The weather report says it’s supposed to go down to 8 degrees tomorrow (that’s about -13 for those of you who use Celsius) and I just went out to insulate the garden hose faucets. We don’t have to do that very often in North Carolina. Despite the cold, there’s no snow around and my driveway is bare. Oddly enough, I wish it would snow.
I’m probably going to receive comments questioning my sanity for this, but the truth is that I like to shovel snow. Whoa, that was quick…four comments waiting for moderation already. I’m serious. For me, shoveling snow is almost a cathartic experience and it’s always been that way.
When I was young, I used to get up at three AM in the winter to take care of our driveway and the driveways of two neighbors. I had a venerable Gravely two wheel tractor that I salvaged from a junk yard and spent a summer rebuilding. With a plow blade mounted on the front and chains on the tires it did a credible job of pushing snow and contributed substantially to my personal finances.
But beyond giving me a winter income, I also learned to appreciate the almost spiritual purity formed from the combination of snow and biting cold. I’m sitting in a warm living room right now but, if I close my eyes and drift back in time, I can conjure up the sensations I felt as I stood behind that plow.
I don’t remember many mild winters from my youth. I suppose those are filed away as uncommon occurrences not worth the time to index. The winters I remember were frigid and the blowing snow stung as it pelted whatever small patches of skin weren’t covered with clothing. I remember my eyes burning when I blinked and, even though I wore thick gloves, my fingers would go numb as the heat slowly seeped away through the cloth.
That’s when it would happen. Just as the pain from the cold became almost too much to bear, it disappeared and I was lost in the silence of the night. Sound seems to travel further in the winter and there’s a crispness to it. In the cold at four AM, I could hear with a clarity I’ve never experienced at any other time. It wasn’t just my hearing that was amplified, it was my thoughts too.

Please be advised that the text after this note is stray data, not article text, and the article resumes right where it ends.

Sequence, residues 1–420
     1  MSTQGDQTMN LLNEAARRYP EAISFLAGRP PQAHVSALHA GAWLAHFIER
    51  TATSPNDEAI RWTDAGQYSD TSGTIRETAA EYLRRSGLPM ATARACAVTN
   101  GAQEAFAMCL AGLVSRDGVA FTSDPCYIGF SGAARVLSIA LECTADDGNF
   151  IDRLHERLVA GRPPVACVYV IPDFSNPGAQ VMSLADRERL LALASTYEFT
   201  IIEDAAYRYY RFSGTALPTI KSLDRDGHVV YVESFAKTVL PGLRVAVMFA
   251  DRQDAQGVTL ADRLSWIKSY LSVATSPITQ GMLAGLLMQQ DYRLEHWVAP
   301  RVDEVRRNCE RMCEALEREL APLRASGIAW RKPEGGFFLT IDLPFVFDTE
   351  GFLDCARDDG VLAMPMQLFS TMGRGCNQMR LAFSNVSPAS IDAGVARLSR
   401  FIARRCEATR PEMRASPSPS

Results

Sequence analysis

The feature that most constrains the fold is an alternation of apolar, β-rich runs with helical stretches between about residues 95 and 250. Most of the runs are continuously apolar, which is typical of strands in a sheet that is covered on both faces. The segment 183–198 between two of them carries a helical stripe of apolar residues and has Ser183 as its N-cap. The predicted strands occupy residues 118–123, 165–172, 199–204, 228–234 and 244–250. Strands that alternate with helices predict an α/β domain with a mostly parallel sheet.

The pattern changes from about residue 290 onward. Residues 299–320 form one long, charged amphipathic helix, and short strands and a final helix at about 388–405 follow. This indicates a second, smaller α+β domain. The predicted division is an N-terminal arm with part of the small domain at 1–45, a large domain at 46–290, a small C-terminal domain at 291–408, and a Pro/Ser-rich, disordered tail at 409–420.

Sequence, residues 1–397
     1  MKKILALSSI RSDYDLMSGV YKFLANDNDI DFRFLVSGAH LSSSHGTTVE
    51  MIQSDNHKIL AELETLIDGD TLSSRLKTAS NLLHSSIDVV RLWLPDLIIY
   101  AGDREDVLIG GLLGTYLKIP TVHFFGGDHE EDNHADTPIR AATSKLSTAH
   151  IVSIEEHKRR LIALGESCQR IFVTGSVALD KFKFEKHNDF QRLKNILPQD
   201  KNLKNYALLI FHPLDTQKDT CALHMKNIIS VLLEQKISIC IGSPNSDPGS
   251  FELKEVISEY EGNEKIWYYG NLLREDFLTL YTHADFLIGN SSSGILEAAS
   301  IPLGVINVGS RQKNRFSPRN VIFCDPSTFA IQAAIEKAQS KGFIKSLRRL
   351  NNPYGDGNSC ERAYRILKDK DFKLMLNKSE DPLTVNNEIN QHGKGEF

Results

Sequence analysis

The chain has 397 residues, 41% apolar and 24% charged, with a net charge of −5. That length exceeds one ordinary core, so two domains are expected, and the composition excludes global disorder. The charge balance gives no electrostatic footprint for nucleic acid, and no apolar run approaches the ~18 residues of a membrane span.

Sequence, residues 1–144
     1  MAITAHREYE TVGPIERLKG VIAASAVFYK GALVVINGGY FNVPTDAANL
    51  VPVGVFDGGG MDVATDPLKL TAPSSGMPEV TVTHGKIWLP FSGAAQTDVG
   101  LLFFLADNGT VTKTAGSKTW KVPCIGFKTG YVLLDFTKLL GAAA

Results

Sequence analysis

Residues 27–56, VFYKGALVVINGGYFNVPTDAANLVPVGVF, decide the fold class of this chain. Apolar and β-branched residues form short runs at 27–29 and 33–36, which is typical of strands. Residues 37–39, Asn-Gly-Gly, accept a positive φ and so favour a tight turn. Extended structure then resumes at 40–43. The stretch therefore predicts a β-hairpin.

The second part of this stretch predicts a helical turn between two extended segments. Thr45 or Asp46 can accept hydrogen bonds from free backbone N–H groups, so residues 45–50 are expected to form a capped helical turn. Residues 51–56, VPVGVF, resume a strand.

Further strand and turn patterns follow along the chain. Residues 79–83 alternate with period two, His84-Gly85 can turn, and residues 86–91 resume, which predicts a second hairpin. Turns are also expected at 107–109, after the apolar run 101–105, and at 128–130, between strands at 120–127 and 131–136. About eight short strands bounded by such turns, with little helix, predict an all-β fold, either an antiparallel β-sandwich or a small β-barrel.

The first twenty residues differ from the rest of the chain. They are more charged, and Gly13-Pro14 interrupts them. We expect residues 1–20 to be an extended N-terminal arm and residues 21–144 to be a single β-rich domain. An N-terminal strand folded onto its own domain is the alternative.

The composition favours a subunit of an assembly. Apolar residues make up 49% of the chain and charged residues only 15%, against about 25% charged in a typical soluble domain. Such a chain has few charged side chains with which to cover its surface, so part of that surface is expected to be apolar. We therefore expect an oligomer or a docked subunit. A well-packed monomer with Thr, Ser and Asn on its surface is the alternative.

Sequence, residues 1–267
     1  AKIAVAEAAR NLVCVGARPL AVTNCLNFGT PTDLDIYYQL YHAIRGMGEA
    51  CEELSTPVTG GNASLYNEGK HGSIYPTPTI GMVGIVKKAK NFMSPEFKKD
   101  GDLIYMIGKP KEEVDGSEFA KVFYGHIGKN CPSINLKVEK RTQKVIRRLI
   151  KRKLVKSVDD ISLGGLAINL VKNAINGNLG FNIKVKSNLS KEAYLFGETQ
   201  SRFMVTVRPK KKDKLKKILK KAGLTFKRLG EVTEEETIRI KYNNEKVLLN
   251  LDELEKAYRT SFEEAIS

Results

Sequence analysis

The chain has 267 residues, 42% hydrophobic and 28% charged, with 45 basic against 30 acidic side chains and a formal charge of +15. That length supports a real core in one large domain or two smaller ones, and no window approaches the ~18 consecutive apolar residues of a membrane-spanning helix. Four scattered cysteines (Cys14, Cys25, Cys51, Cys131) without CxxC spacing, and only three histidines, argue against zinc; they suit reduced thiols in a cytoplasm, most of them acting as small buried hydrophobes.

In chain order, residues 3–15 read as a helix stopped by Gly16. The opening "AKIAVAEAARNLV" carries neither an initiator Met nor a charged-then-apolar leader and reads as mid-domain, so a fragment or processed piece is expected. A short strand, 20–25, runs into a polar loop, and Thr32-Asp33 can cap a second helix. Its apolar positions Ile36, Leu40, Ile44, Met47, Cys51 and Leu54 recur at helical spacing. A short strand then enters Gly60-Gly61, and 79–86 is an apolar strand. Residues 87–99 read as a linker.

The cold acted like an insulator against distraction. As I walked behind that plow, pushing the snow into neat piles, I could think about anything I wanted without interruption. It was absolute purity of thought.
After I left home, I didn’t need a tractor to plow the snow. My driveways were never that long. I simply used a snow shovel. I liked to wait until it was late in the evening to shovel the driveway. Linda never understood why I would put my coat and gloves on at nine-thirty at night to go shovel snow. I did it so that I could find that magical place of perfect thought. The place where the crisp sound of the shovel scraping across the driveway provided the cadence that kept the reflections and ideas in time with each other. Push, lift, empty. It was an automatic process that left your mind free to muse unencumbered.
We returned to the south seven years ago and it’s been that long since I’ve had to do anything other than occasional and minimal shoveling of my driveway. I miss it and I wonder how many good thoughts and ideas have skipped by me as a result. Maybe that’s why I made Providence a winter world.
My son posted a meme on facebook a few days ago. It said:
For the most part, that’s true. But, if it didn’t come attached to the likelihood of divorce, there’s a very real chance I might be the one exception.
It’ll be cold for the next few days and I think that I might head out for a walk around nine-thirty each evening. It won’t be quite the same without the snow, but the sound should still be crisp. Maybe I’ll catch a glimpse of that magical place of perfect thought.
P.S. To my northern friends who will undoubtedly be offering to let me come up and shovel their driveways, please note that I’ll be glad to…as long as the offer is accompanied by a first class, round trip airline ticket and an iron clad guarantee that when I’m finished there will be a Papa John’s pizza waiting for me on the kitchen table.